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Table of Contents

War History of the Australian Meteorological Service




Chapter 1: D.Met.S.—Australia's Wartime Weather Service

Chapter 2: The Weather Factor in Warfare

Chapter 3: Met in the Retreat

Chapter 4: Met in the Advance
Port Moresby to Milne Bay
New Pacific Stations
9 Operational Group
10 Operational Group
Northern Command
First Tactical Air Force
Labuan Island
The End in Singapore

Chapter 5: Meteorology in Aviation

Chapter 6: Central Forecasting Services

Chapter 7: Met With the Army

Chapter 8: Research and Personnel Training

Chapter 9: Instrumental Development and Maintenance

Chapter 10: Scientific Developments in the RAAF Meteorological Service

Chapter 11: Divisional Bureaux and Their Work

Appendix 1: List of Reports Provided by D.Met.S. for Advances Operational Planning and Other Purposes

Appendix 2: List of Service Personnel RAAF Meteorological Service

Appendix 3: List of Civilian Personnel Who Worked Together with Service Personnel of the RAAF Meteorological Service

Appendix 4: List of Locations at which RAAF Meteorological Service Personnel Served


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New Pacific Stations (continued)

Contact with the United States Navy was a daily occurrence at Kiriwina, since American PT boats made nightly patrols to New Britain. This involved advice on likely weather conditions each morning, for an average sea in excess of six feet reduced their operational effectiveness considerably. Bad weather over the search area restricted chances of contacting the Japanese barges ferrying troops along the coast under cover of darkness. These advices were provided by the RAAF meteorological section. In return, the Americans reported daily the actual conditions of weather experienced on the previous night and made provision for Australian weather men to accompany the patrols. Cooperation was the keynote of proceedings.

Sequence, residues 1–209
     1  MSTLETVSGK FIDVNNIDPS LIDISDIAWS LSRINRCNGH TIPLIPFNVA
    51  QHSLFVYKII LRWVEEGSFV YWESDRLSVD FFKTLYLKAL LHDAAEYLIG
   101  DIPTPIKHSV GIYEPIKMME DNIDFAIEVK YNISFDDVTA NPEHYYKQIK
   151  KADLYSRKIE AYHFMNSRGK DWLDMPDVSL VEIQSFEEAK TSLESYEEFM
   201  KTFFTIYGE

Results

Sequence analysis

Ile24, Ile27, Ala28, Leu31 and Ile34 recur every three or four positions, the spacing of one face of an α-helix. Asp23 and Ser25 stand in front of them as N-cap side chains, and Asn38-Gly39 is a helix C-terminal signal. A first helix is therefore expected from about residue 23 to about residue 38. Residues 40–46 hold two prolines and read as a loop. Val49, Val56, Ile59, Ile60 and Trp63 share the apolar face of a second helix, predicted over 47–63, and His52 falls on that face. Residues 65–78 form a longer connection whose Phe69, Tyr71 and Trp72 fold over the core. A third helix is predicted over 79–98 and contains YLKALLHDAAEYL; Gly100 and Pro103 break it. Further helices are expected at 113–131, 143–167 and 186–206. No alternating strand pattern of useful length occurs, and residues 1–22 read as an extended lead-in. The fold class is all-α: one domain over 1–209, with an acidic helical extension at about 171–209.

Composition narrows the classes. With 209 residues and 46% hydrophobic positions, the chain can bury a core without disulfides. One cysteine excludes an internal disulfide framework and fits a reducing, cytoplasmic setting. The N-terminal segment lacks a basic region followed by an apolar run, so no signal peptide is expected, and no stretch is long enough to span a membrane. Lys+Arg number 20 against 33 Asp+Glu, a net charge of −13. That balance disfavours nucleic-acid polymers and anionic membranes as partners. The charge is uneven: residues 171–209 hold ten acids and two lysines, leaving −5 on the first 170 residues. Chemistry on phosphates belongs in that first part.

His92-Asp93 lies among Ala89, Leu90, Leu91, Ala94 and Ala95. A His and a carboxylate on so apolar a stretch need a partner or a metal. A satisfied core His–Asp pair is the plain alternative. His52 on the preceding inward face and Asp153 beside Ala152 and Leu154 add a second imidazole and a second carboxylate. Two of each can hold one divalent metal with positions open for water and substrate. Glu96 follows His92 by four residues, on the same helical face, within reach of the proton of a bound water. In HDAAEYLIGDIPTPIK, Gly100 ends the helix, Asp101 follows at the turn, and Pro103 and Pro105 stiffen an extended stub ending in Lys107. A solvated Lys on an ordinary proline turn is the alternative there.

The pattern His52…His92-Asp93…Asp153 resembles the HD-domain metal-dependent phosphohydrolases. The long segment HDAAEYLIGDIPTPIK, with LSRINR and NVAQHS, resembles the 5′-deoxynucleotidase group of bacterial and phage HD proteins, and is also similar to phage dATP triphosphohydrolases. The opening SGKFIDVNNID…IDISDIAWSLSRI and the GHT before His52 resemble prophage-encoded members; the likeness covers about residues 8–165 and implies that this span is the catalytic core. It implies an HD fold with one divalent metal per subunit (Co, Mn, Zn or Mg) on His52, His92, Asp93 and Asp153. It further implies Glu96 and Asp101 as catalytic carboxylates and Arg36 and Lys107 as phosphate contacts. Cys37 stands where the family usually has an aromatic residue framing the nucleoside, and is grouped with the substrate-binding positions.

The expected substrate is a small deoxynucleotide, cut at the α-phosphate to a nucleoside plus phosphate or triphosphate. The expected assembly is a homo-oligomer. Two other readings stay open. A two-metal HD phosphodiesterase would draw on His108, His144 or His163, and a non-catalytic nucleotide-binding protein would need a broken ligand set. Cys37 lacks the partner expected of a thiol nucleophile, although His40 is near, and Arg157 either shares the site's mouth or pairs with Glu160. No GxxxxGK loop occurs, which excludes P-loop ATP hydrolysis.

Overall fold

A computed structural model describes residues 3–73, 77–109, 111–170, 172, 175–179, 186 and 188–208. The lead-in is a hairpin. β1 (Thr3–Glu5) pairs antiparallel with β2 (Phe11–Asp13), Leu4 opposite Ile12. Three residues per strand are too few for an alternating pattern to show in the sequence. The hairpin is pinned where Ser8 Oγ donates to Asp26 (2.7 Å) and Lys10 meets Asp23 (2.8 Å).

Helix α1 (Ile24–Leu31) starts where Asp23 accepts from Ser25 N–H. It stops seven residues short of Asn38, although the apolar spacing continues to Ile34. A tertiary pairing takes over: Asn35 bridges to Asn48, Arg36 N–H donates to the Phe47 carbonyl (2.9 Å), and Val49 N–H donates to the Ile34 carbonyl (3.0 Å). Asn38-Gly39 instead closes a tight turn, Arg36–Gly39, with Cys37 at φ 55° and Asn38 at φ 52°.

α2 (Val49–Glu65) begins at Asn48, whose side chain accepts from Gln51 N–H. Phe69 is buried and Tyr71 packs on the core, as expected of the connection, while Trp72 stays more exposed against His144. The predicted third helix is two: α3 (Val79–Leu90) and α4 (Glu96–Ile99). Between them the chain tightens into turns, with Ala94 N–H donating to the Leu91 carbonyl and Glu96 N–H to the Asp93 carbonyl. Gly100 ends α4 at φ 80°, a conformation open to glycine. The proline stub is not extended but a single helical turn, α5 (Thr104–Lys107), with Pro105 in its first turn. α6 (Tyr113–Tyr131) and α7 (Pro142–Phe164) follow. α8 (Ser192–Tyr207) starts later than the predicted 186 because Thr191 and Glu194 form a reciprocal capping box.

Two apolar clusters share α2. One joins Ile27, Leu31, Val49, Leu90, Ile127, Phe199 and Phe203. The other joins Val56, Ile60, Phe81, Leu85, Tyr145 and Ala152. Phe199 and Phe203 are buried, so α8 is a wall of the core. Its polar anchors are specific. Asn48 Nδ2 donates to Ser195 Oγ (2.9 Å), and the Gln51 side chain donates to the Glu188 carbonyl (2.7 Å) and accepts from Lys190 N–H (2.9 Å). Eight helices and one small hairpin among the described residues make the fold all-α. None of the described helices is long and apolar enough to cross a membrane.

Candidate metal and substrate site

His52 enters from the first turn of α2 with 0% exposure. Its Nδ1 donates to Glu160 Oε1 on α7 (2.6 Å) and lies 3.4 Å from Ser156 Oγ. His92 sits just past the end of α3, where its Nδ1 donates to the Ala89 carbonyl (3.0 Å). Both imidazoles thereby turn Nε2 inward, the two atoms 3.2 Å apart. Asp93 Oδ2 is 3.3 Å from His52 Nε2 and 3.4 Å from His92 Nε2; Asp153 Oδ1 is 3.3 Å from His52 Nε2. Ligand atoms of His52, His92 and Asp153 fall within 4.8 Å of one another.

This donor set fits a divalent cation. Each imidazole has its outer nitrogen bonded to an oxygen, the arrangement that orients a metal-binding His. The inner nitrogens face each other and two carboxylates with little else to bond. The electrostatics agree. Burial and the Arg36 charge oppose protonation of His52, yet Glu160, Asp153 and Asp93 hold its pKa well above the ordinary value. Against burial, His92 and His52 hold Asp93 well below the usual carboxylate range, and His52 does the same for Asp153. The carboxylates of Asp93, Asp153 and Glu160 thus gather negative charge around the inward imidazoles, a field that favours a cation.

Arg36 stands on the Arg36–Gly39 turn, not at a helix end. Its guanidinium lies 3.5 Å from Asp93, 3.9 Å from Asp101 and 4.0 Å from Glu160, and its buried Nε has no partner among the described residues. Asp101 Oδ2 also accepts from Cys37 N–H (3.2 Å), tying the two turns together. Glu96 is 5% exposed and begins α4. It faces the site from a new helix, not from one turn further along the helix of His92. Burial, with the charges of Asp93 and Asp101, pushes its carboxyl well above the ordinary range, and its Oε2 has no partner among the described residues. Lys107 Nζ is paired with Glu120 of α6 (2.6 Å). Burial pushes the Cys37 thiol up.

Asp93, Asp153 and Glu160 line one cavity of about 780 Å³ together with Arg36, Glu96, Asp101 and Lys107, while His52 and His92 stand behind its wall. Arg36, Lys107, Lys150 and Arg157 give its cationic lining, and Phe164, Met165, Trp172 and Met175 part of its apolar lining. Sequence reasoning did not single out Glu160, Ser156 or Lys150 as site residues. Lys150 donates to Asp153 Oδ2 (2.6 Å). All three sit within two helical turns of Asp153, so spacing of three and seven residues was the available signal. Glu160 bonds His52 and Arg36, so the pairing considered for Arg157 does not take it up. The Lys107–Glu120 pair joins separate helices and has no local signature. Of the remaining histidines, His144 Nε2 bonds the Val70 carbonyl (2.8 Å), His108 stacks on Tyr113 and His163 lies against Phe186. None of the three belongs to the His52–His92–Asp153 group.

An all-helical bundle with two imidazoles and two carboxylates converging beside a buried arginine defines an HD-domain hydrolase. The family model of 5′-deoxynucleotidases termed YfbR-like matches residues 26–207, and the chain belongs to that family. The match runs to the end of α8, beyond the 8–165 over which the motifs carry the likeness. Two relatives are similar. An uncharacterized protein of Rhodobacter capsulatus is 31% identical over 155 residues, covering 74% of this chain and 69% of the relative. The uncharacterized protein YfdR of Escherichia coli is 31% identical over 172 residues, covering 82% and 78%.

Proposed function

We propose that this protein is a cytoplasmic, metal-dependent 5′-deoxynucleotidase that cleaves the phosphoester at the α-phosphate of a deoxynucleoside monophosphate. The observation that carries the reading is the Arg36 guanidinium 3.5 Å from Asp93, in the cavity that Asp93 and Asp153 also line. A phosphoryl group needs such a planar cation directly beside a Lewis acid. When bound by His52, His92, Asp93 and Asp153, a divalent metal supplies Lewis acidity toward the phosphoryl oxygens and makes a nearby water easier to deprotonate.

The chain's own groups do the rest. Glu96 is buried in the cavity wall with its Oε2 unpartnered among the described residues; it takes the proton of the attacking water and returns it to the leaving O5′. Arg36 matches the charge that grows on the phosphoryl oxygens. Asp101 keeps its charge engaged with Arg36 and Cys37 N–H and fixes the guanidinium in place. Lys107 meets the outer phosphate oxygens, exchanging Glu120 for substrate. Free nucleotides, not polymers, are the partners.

For the first RAAF met man to make this trip the initial and most attractive feature was when, soon after casting off, he was led below to a small dining alcove and fed on pork chops, apple pie and coffee—a welcome change from the more or less standard Australian rations. He was then taken up topside to stand beside the captain of this compact arsenal of .5 machine guns, 40 mm cannon and four torpedo tubes as it surged northward through the gathering dusk at 35–40 knots.

'Action stations' sounded about 2100 hours and eyes strained to pick up the aircraft which had been detected by the radar. A shadowy shape loomed through the darkness, the noise of its approach lost in the roar of the small craft's powerful motors, and all guns were at the ready. A sudden bank and away into the night sped a RAAF Catalina—friendly patrols by sea and air had made brief unfriendly contact in the centre of the Solomon Sea.

The target for tonight was Jacquinot Bay and approaching the entrance motors were throttled back so that the boat had little more then steerage way. Then, for two hours, the small grey craft crept slowly along the shore in an attempt to intercept the troop laden barges. This was an occasion of fruitless search, although more than 300 miles were covered in the thirteen and a half hours of the patrol. Meteorologically there was nothing to report beyond a few heavy showers, but the weather man gained a fuller appreciation of the job for which the forecasts were made.

At the close of 1943, weather stations were being operated by the RAAF at Port Moresby, Goodenough and Kiriwina Islands and, early in April 1944, another unit was added by the establishment of a meteorological office at Los Negros Island, just south of the Equator in the Admiralty group. Fl Lt Kerr moved from Kiriwina to become officer in charge of the new station which, however, operated for a short time only.

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Haldane, T. 1997 'War History of the Australian Meteorological Service in the Royal Australian Air Force April 1941 to July 1946', Metarch Papers, No. 10 October 1997, Bureau of Meteorology

© Online Edition Australian Science and Technology Heritage Centre and Bureau of Meteorology 2001
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